Have you seen the recent diaper commercial that compares a first-time mom breastfeeding in public to a second time mom breastfeeding in public? The first time mom is hunched in a corner of the restaurant, trying to keep her baby latched on and a blanket covering herself and her child. She looks, disheveled, frustrated, uncomfortable, anxious, slightly nervous and maybe even a little embarrassed. That is really how a lot of women feel their first time nursing in public. When you are a first-time mom, breastfeeding has a huge learning curve for both you and baby. You both are trying to get the hang of something that takes a little skill at first, and it is much easier and more comfortable to do in the safety of your own home.
However, new moms need to get out and live life too. We need to resume being a part of the human race so that we can start to feel like ourselves again and, most importantly, to avoid falling prey to the postpartum blues. Here are some tips to help prepare you to try nursing in public.
- Don’t go it alone. While nursing in public can be nerve-wracking, it is far less so if you do it with a friend or two who are also nursing. This can be a real confidence booster in the early stages and you may pick up a few tips or tricks from your pals.
- Dress for it. When you are nursing at home, you probably don’t care if your breasts or tummy are showing, but you might feel a little more self-conscious about that in public. If you want to feel confident and comfortable dressing in layers is key. Start with a supportive nursing bra, then you need either a nursing camisole or a camisole with stretchy straps, and then a top shirt or sweater that buttons partially, has a v-neck, an elastic neckline, or can easily be pulled up. Then either pull your top shirt neckline down and your bottom shirt waistband up to expose just enough breast to nurse, or do the reverse and lift your top shirt up and pull the neckline of your camisole neckline down to expose your breast for nursing. When dressed this way, your tummy and back are always covered, you expose just enough breast for baby, and you won’t have to fuss with a nursing cover unless you want to.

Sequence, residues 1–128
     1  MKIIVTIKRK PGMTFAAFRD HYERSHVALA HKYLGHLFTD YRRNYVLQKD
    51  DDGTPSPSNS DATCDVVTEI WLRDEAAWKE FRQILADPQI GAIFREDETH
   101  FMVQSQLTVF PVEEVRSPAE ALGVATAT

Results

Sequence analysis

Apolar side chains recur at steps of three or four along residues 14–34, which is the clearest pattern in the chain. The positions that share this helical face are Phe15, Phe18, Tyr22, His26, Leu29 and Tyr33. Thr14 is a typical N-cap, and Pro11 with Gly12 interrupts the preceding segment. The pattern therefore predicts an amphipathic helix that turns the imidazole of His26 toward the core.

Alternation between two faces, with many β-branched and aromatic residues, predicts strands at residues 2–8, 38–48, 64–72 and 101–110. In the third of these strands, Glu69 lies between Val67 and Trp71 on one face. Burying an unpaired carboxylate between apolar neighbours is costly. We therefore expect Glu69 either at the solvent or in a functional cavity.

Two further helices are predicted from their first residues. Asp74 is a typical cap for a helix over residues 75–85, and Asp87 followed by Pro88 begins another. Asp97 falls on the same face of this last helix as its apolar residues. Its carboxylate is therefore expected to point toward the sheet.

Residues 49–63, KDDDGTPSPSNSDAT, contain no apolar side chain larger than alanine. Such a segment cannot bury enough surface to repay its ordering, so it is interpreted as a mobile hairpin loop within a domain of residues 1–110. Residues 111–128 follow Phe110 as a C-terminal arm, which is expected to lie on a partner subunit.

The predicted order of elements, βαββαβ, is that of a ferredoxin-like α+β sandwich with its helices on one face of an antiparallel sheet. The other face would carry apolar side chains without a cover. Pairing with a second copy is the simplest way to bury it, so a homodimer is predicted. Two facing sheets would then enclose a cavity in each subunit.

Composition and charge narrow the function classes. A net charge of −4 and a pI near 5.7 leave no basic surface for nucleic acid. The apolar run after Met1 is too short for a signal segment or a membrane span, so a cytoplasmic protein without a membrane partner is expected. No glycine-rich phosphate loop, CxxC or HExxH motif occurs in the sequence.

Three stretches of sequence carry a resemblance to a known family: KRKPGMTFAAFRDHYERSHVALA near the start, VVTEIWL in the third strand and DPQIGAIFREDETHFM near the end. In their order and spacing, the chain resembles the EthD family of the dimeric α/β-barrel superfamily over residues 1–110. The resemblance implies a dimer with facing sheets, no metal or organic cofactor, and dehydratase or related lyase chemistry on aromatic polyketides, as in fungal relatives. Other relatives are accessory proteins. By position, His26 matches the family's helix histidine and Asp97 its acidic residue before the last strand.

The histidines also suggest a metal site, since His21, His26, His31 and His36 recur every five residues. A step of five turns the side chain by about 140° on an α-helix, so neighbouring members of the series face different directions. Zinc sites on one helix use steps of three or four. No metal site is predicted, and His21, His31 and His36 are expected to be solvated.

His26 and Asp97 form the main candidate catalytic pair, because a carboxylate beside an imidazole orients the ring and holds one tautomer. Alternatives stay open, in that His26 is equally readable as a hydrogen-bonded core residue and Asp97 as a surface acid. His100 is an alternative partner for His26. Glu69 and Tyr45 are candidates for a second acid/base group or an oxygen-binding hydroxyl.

- If you are going to use a cover up in public, try it out at home first. Many babies HATE nursing covers and blankets because they want to look at you when nursing. Can you blame them? It’s a central time for bonding to occur because of the intimacy of the nursing relationship. However, if you feel you will really need to use a nursing cover or blanket in public, you should experiment with one at home too. That’s because you want them to associate it with nursing so they aren’t trying to constantly toss it off of them as older babies (older than 2-3 months) will often try to do. One note here is that a nursing cover automatically signals that you are nursing. If you try layering, like explained above, many people will just think you are holding sleeping baby, not a nursing one, so it draws less attention to you.
I hope these tips will help ease you into the art of public breastfeeding with more confidence and comfort. Eventually, with practice, public breastfeeding will become just part of your routine while you are out and about with your little one and you won’t even have to pause your conversation to get baby positioned and latched. Life with your new baby has many adjustments and this is just one of them. In a few months, you’ll be the calm, collected, confident mom you always hoped you would be.
Link to luvs first time mom second time mom breastfeeding video: